If you protest you can and will be thrown in prison for as long as the Israeli’s feel like keeping you there. Children have no rights to have a lawyer present during questioning or even a parent. They are many times not even given a reason as to why they are arrested. Read the report and you will understand.
From the Report
Between January 2001 and December 2008, over 600 complaints were filed against Israeli Security Agency (ISA) interrogators for alleged ill-treatment and torture.
The Police Investigation Department of the Ministry of Justice, the relevant authority charged with investigating these complaints, did not conduct a single criminal investigation.
Also in reference to the Report
Israel ‘beats up children’
June 17. 2009
NAZARETH // The rights of Palestinian children are routinely violated by Israel’s security forces, according to a new report that says beatings and torture are common. In addition, hundreds of Palestinian minors are prosecuted by Israel each year without a proper trial and are denied family visits.
The findings by Defence for Children International (DCI) come in the wake of revelations from Israeli soldiers and senior commanders that it is “normal procedure” in the West Bank to terrorise Palestinian civilians, including children.
Col Itai Virob, commander of the Kfir Brigade, disclosed last month that to accomplish a mission, “aggressiveness towards every one of the residents in the village is common”. Questioning included slaps, beatings and kickings, he said.
As a result, Gabi Ashkenazi, the head of the armed services, was forced to appear before the Israeli parliament to disavow the behaviour of his soldiers. Beatings were “absolutely prohibited”, he told legislators.
Col Virob made his remarks during court testimony in defence of two soldiers, including his deputy commander, who are accused of beating Palestinians in the village of Qaddum, close to Nablus. One told the court that “soldiers are educated towards aggression in the IDF [army]”. Col Virob appeared to confirm his observation, saying it was policy to “disturb the balance” of village life during missions and that the vast majority of assaults were “against uninvolved people”.
Last week, further disclosures of ill-treatment of Palestinians, some as young as 14, were aired on Israeli TV, using material collected by dissident soldiers as part of the Breaking the Silence project, which highlights army brutality.
Two soldiers serving in the Harub battalion said they had witnessed beatings at a school in the West Bank village of Hares, south-west of Nablus, in an operation in March to stop stone-throwing. Many of those held were not involved, the soldiers said.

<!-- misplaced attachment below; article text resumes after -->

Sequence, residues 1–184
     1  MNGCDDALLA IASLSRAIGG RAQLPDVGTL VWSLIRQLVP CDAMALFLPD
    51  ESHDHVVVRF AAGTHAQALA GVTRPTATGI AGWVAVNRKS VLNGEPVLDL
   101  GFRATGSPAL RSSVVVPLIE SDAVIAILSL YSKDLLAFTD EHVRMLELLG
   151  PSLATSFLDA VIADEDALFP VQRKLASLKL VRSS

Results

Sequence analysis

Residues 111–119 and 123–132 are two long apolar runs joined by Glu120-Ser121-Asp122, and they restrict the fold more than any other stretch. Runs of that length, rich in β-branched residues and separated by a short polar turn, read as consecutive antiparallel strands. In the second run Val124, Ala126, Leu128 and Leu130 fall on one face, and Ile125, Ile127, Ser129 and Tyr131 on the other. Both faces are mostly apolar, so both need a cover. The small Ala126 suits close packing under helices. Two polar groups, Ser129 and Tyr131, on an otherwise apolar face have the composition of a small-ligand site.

During a 12-hour operation that began at 3am, 150 detainees were blindfolded and handcuffed from behind, with the nylon restraints so tight their hands turned blue. The worst beatings, the soldiers said, occurred in the school toilets.
According to one soldier’s testimony, a boy of about 15 was given “a slap that brought him to the ground”. He added that many of his comrades “just knee [Palestinians] because it’s boring, because you stand there 10 hours, you’re not doing anything, so they beat people up”.
The picture from serving soldiers confirms the findings of DCI, which noted that many children were picked up in general sweeps after disturbances or during late-night raids of their homes.
Its report includes a selection of testimonies from children it represented in 2008 in which they describe Israeli soldiers beating them or being tortured by interrogators.
One 10-year-old boy, identified as Ezzat H, described an army search of his family home for a gun. He said a soldier slapped and punched him repeatedly during two hours of questioning, before another soldier pointed a rifle at him: “The rifle barrel was a few centimetres away from my face. I was so terrified that I started to shiver. He made fun of me.”
Another boy, Shadi H, aged 15, said he and his friend were forced to undress by soldiers in an orange grove near Tulkarm while the soldiers threw stones at them. They were then beaten with rifle butts.
Jameel K, aged 14, described being taken to a military camp where he was assaulted and then had a rope tightened around his neck in a mock execution.
Yehuda Shaul, of Breaking the Silence, said soldiers treated any Palestinian older than 12 or 13 as an adult.